In a 2015 Demand Gen report, 67% of B2B buyers said that this year they will rely more on content for research purposes and to make B2B purchasing decisions. As a result of content’s growing importance to an organization -- for hitting sales targets to telling the corporate story -- brands and enterprises are generating massive amounts of content, leading to what many call "content chaos." Chaos occurs when content is created independently by multiple departments and multiple teams, in multiple languages and geographies, all with different agendas and audiences in mind. With content popping up in so many different locations, it becomes difficult to effectively manage it, let alone find it.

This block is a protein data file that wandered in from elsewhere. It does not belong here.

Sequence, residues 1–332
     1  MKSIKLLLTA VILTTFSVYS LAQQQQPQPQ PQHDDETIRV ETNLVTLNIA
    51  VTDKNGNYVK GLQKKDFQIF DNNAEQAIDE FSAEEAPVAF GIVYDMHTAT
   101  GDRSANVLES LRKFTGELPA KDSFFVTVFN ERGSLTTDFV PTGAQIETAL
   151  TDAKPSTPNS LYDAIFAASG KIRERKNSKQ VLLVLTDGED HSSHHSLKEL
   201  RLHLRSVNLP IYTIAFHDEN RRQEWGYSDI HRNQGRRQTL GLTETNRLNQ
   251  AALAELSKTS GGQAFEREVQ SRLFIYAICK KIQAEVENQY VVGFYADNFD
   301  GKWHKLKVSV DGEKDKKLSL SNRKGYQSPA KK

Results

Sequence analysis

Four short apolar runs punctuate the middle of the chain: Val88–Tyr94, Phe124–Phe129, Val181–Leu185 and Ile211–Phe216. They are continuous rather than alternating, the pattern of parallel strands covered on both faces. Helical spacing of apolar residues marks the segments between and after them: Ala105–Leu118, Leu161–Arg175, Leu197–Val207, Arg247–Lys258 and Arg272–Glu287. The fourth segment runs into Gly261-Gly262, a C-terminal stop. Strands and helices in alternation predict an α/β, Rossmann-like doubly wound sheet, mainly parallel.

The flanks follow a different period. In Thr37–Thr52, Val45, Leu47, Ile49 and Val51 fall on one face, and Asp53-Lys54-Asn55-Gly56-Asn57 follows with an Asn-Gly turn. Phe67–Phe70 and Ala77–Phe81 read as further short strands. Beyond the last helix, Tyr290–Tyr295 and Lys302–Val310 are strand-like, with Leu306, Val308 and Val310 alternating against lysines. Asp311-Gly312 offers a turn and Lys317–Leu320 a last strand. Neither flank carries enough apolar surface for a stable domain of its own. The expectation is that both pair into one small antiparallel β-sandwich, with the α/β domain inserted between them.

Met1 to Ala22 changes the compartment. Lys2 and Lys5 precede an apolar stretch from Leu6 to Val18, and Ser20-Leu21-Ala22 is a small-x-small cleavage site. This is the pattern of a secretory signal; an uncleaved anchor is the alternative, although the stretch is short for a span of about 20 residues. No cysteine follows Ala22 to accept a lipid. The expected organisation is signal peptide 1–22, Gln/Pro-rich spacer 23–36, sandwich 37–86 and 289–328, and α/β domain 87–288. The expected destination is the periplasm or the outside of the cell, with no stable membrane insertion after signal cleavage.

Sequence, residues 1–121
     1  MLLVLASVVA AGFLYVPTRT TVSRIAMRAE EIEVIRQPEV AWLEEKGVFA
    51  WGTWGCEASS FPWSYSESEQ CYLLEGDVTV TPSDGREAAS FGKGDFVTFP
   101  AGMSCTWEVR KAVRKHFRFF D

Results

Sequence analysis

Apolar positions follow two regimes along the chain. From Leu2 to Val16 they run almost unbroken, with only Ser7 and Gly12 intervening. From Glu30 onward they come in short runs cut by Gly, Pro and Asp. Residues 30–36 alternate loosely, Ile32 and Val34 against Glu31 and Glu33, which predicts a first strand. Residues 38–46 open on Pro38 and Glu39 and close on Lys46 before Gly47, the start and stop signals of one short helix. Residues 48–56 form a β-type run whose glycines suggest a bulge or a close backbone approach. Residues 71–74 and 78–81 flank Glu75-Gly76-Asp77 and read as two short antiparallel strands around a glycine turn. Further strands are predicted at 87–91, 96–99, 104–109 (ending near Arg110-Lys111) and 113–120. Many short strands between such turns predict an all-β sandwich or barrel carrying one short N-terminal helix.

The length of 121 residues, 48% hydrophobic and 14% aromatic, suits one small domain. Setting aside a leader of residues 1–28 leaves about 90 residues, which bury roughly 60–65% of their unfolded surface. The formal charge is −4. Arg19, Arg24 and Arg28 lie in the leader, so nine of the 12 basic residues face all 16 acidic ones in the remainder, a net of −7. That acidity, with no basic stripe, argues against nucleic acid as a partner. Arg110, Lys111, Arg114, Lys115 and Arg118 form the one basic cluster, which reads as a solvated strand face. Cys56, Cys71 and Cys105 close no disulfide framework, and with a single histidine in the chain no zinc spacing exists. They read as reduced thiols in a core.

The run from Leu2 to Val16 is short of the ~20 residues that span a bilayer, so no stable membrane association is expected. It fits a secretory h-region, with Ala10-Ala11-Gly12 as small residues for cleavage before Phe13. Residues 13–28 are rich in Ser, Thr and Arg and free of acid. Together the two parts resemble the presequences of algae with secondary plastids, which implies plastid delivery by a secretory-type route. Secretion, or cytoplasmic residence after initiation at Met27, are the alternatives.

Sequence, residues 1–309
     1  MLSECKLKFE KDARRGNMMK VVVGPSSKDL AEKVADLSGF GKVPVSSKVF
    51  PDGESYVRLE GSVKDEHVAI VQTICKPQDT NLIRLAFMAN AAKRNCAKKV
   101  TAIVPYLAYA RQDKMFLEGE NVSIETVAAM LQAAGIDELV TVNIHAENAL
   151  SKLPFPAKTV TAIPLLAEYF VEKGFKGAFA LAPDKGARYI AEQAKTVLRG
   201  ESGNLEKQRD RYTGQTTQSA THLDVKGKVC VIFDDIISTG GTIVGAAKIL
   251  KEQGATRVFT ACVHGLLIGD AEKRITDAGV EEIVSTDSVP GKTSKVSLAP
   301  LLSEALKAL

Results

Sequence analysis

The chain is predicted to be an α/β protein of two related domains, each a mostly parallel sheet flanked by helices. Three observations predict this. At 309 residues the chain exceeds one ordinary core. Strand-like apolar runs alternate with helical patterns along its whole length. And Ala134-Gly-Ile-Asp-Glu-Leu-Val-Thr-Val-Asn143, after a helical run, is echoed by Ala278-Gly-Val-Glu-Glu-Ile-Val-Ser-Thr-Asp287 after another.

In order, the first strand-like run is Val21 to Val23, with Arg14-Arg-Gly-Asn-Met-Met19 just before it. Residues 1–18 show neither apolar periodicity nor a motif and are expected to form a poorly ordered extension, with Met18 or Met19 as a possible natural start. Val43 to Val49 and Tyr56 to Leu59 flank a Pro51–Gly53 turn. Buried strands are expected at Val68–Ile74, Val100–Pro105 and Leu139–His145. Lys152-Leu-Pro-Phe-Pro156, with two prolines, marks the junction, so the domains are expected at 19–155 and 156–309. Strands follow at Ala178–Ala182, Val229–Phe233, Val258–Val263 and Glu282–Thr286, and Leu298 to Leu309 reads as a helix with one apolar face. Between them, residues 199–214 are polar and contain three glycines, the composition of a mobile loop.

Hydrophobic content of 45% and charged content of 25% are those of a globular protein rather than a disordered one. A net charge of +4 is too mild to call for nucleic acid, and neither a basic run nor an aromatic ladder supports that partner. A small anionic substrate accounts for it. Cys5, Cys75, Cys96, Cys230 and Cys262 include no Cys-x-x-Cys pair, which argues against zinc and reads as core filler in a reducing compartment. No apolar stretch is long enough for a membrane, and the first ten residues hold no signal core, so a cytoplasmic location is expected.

There is virtually no major brand or company that maintains a single website. Mid- to large-sized companies often have multiple sites under their control. In fact, according to a 2015 study by Forrester Research, the typical enterprise organization has more than 250 sites associated with its brands and products. Content is needed for each and every site, channel, and touchpoint, ranging from the main brand homepage, across social media, mobile apps, and individual brand or product sites. Content is also needed for distribution outside of the organization’s own sites as well, making it even more important for enterprises to have a strong strategy and technical tools in place.